Key Jewellery Looks by Decade
Here is an overview of the key jewellery looks of the first six decades of the 20th century.
These years saw the continued explosion in the Art Nouveau Movement in all its forms. The styles evoked femininity, mystery, nature and were an homage to an imagined pre-industrial Eden of the past.
Enamel work became prominent as the focus on artistry and craftsmanship dominated.
Bijouterie can be described as a piece valued for the delicacy of its design as opposed to the value of its materials. These more intricate pieces became prevalent as design took dominance over ostentatious displays.
Nature themes were popular as people sought to connect with the simplicity and beauty of the pre-industrial era.
Celtic motifs were also popular as people romanticised heritage and history in a rejection of the rapidly exploding modernity of the Western world.
The Female Form
The female form and visage became one of the eras most iconic motifs as a craving for femininity emerged as a response to the increasing mechanisation of society.
The Whiplash Motif
The whiplash motif was a signature motif of this decade.
These years saw an emergence of elegance and a focus on gentile refinement. There was an emphasis on evening wear along with an adulation of aristocracy and nostalgia for the hey days of the fine royal courts of Europe, in particular Versailles.
The lavalier became a popular item as the beauty of the décolleté was emphasised.
Bandeaus and Aigrettes
Inspired by the natives of the New World, bandeaus and aigrettes started to become popular (this fashion exploded in the 1920s)
Bows and Swags
Hearkening back to Rococo and Baroque design, bows and swags became recurrent motifs.
Tiaras and headpieces
Inspired by the glamorous royal courts of Europe, tiaras and headpieces became popular evening wear.
The garland necklace was popular as the beauty of the décolleté, neck and shoulder was focused upon.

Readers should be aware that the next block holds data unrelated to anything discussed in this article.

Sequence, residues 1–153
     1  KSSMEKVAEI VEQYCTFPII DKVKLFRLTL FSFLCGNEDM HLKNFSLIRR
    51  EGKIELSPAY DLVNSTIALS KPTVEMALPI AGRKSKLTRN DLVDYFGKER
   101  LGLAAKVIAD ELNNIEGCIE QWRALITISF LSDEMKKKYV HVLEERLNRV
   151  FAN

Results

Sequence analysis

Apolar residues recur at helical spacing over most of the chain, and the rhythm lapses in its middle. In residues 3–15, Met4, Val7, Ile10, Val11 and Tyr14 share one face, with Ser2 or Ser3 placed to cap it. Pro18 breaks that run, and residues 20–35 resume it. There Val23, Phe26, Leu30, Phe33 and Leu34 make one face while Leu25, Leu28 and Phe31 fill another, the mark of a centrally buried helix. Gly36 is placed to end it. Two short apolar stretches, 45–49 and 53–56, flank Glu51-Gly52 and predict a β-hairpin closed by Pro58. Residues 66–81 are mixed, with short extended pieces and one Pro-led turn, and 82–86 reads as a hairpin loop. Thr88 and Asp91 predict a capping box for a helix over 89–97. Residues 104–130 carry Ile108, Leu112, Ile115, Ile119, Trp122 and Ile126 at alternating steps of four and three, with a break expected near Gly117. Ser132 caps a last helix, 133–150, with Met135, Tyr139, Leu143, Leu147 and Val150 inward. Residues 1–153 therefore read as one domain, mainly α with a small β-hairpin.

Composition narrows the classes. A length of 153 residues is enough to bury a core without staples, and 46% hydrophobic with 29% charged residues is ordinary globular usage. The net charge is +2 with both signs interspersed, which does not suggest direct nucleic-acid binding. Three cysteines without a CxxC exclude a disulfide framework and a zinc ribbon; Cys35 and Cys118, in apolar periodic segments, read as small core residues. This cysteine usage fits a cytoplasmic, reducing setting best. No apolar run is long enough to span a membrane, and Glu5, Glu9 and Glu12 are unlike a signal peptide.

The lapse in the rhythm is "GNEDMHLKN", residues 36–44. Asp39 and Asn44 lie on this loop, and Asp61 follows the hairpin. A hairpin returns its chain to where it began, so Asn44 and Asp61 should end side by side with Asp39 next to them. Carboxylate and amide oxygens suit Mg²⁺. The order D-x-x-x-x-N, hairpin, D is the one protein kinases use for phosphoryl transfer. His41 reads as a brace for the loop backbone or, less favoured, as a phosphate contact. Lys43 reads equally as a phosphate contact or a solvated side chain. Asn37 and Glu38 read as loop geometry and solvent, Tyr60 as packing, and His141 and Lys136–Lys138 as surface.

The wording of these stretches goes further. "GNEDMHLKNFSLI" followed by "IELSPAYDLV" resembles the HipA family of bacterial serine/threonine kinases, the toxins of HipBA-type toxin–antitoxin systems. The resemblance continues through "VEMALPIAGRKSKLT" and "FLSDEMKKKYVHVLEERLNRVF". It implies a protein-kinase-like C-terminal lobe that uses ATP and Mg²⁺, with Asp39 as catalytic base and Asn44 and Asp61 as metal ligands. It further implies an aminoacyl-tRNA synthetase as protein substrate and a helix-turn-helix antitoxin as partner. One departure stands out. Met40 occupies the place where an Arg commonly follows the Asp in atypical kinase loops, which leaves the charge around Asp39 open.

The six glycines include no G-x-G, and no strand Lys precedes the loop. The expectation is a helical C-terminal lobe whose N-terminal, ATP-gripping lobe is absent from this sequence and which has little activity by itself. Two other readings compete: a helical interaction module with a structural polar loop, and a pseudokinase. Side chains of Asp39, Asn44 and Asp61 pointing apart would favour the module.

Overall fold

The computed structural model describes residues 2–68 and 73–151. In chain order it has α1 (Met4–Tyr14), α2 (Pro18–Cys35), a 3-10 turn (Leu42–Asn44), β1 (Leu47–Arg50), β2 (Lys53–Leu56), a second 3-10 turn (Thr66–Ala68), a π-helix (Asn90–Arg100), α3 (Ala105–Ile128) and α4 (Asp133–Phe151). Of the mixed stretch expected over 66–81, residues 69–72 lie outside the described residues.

Colliers de chien
Princess Alexander popularised this iconic style.
The migration of many Italian cameo artists saw the popular emergence of cameos across Europe and the USA.
White on white
White metals with white stones were the height of fashion with the emphasis on evening refinement and the desire to wear jewels that looked amazing by candle light (also inspired by the new vogue for luxury cruises.)
This decade saw the emergence of a new boyish and chic look. Jewellery became streamlined, youthful, forward looking, minimalist, light and lean.
Bangles and Cuff bracelets
With the craze for dancing it was important to wear items with movement.
Egyptian and Ethnic motifs
The architectural discoveries of these years saw an emergence of revivalist motifs, as well as an idealisation for the styles of foreign lands as the European empires expanded.
Fan, Chevron, Geometric and the Machine Aesthetic
With mechanisation and modernity there came an emphasis on machine-inspired designs.
Venetian Glass and Crystal Beads
As long sautoir necklaces became popular (perfectly for twirling while dancing), the artistry of venetian glass and the beauty of crystal was revered.
Machine cut Gemstones
Gemstones were now cut by machine for the most part, rather than cut by hand.
There was a craze for tassel earrings and tassel necklaces and the movement they brought with them while dancing the latest dance crazes.